The Great Indoorsman                                    

A collection of essays forthcoming from the University of Nebraska Press in 2022.

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“How does ‘outside’ differ from ‘the out-of-doors’? In his absurdist and absurdly amusing The Great Indoorsman, with searching rumination and exquisite comic timing, Andrew Farkas takes readers on a sublime tour through dive bars and coffee houses, video shops and casinos, pool halls and motel rooms, dilapidated movie theaters and dying malls. A true doctor of knowledge and language using just the right balance of erudition and humility, Farkas has created an enchanting yet down-to-earth collection perfect for reading indoors, outdoors, or anywhere in between.”

~Kathleen Rooney, author of Lillian Boxfish Takes a Walk and Cher Ami and Major Whittlesey 

 

We forget that the “Hallway” is a relatively recent invention of domestic space along with the whole concept of “Privacy.” And it was only yesterday that the great fiction writer Freud constructed the “Unconscious” and cobbled together the notion that human character had “Depth.” Here the master renovator, Andrew Farkas, in these crafted and crafty essays of The Great Indoorsman is the ultimate interior decorator of all things turned inside out. Ecce Farkas! Here the raw and cooked, the deep-fried and flash-frozen reflections reflect infinite rooms where we are, at once, lost and found, found and lost with-in hallways of infinite with-in-ings.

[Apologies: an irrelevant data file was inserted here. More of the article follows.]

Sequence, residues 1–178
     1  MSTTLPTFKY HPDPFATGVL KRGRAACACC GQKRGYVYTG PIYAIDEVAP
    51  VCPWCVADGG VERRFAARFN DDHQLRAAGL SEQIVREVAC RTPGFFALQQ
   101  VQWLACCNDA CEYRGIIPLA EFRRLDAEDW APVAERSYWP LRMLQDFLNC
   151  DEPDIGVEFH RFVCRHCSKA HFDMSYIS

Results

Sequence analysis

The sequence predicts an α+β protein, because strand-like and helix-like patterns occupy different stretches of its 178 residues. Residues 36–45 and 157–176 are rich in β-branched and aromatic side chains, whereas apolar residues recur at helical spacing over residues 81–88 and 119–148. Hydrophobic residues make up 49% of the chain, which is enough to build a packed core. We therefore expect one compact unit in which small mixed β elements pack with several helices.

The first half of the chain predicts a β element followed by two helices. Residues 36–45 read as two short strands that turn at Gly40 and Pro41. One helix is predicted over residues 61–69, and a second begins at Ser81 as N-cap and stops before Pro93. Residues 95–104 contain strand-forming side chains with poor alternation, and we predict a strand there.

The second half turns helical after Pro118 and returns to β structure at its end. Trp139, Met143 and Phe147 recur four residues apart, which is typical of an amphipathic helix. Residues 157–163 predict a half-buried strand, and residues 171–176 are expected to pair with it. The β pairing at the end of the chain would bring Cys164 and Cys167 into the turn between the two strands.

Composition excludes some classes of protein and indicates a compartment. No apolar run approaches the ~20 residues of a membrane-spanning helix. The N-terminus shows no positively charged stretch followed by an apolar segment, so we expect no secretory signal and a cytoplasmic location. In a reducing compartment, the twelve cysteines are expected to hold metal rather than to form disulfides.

~Michael Martone author of The Complete Writings of Art Smith, The Bird Boy of Fort Wayne, Brooding and The Moon Over Wapakoneta

 

Again and again in this deliriously inventive collection, Andrew Farkas finds himself in the middle of nowhere with only his wits to navigate him. Thankfully, those wits operate like a 1930s Rube Goldberg cartoon jalopy, nimbly galumphing through mundane worlds – a waiting room, a hamburger joint, Tuscaloosa. For all its elevated performance and stylistic hijinks, across its Odyssey-writ-small, The Great Indoorsman maintains a sincerity of purpose: to find its way home. 

–David Giffels, author of Barnstorming Ohio: To Understand America